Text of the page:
In 1945 and 1946 there were roof falls in the remaining No.4 well after which the evaporation pans were never restarted. The company wound up in 1947 having produced 879,972 ton of salt in 59 years.
Making a few calculations, that suggests a volume of over 400,000 cubic meters, or 165 Olympic Swimming Pools. It’s an interesting thought that there must now remain a huge water-filled void under the area, most likely under the river and Transporter Bridge !
Today all that remains is the impressive red brick boundary wall on Vulcan Street dating from 1887. This became a listed building in 1988, however it’s not totally original as it was rebuilt from other interesting sections of the original building by the Cleveland Community Task Force, Middlesbrough Council and the Davy Corporation in 1982.
A talk on 3D Photogrammetry and Photo Merging using modern digital technology to create three dimensional digital models and time slider photos.
By Adrian Glasser
volunteer with the Land of Iron Project
Friday 8th February 7pm
St. Matthew’s Church, Grosmont
Refreshments provided £3 donation towards funds
The Land of Iron project is a Heritage Lottery Funded project in the North York Moors National Park which is conserving, protecting and promoting the remains of the ironstone mining industry which was active around Rosedale from the mid 1800’s to 1926.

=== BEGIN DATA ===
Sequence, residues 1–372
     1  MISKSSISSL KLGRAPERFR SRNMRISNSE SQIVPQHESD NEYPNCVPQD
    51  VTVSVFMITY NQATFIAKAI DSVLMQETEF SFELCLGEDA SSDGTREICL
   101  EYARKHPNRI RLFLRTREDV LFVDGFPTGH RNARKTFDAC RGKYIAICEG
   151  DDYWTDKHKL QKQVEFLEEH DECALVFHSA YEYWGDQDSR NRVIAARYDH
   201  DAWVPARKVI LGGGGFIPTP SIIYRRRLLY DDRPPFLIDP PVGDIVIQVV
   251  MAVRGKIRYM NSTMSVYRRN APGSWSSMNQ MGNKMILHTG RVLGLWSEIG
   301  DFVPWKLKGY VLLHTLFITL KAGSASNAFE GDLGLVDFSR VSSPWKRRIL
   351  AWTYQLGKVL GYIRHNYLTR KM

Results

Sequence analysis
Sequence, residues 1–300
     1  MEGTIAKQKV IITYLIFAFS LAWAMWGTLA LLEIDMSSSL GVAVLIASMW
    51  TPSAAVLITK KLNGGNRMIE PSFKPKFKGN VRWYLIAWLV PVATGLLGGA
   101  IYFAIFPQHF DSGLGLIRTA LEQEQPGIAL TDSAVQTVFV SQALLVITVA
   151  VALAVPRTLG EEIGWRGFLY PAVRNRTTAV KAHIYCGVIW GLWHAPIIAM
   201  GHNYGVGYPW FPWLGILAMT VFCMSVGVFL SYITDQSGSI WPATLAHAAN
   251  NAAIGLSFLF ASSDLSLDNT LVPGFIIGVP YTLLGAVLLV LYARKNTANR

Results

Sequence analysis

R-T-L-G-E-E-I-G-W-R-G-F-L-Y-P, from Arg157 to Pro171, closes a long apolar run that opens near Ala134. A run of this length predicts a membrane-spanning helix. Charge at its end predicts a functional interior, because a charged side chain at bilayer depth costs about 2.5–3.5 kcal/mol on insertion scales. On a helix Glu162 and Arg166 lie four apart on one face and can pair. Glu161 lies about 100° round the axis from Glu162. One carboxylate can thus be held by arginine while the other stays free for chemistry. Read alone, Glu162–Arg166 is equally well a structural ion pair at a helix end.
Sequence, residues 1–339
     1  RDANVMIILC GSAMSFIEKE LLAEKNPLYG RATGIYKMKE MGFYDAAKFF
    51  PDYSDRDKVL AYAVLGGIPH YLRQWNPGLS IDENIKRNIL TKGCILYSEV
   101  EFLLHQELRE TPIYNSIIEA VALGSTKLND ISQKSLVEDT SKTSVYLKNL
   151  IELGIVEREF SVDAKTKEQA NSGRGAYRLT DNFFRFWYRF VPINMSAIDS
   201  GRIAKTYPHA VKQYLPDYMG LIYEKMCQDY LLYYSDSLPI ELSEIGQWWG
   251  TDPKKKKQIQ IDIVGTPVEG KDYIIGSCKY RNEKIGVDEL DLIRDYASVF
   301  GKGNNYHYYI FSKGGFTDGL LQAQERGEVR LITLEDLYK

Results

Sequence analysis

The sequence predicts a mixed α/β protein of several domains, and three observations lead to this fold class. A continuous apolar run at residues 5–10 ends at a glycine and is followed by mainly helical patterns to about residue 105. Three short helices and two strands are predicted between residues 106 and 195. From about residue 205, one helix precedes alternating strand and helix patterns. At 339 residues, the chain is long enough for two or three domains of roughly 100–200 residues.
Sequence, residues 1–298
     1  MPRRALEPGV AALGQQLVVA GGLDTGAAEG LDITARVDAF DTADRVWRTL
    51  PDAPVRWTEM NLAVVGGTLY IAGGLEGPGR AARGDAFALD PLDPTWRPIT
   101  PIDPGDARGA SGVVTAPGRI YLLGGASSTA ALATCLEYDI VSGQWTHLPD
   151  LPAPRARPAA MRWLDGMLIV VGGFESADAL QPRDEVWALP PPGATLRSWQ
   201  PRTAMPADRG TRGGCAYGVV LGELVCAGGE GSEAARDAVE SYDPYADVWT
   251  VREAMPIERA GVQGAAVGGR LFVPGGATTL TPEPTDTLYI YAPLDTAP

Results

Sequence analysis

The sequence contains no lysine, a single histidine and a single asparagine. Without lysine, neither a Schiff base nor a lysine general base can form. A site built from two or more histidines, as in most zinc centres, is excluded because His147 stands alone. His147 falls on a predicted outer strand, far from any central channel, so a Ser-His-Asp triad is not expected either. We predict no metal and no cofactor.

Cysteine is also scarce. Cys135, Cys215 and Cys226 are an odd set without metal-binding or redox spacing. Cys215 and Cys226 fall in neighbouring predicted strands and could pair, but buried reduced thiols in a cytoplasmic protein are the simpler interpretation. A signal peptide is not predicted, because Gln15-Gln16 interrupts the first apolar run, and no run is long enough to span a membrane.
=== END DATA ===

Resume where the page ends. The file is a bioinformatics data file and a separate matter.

Although the subject matter of the Land of Iron project is from a by-gone era, the project is actively utilizing modern digital technology, including 3D recording of archeological sites and drone and hand-held camera photogrammetry, the process of using digital photographs to reconstruct three dimensional, digital models of objects, buildings and sites. We are currently in the midst’s of what is being called the Fourth Industrial Revolution. Recent digital technological advancements such as the internet, 3D scanning, computer aided design, coding, 3D printing, laser cutting, digital manufacturing, robotics, electronics and microcontrollers are transforming our lives. The Fourth Industrial Revolution is being driven by an explosion of knowledge and information that is readily accessible to virtually everybody to learn how to use these digital technologies to do and make virtually anything. In this talk, I will show, describe and demonstrate some of the Land of Iron projects that are using readily accessible, inexpensive and often free, digital technologies and software. This includes web based ‘time-sliders’ that that allow users to control the transition between original and modern photographs of sites in the Land of Iron project and a fully automated, but simple, motor controlled, geared, cardboard cut-out, photogrammetry turntable that rotates small objects and triggers a camera to capture photographs to reconstruct three dimensional models of artifacts. Although the talk will be of a technical nature, it is intended to appeal to adults and children of all ages and technical abilities. Please, everybody, come along to learn how technology from the Fourth Industrial Revolution is helping us to learn about what went on during the First Industrial Revolution.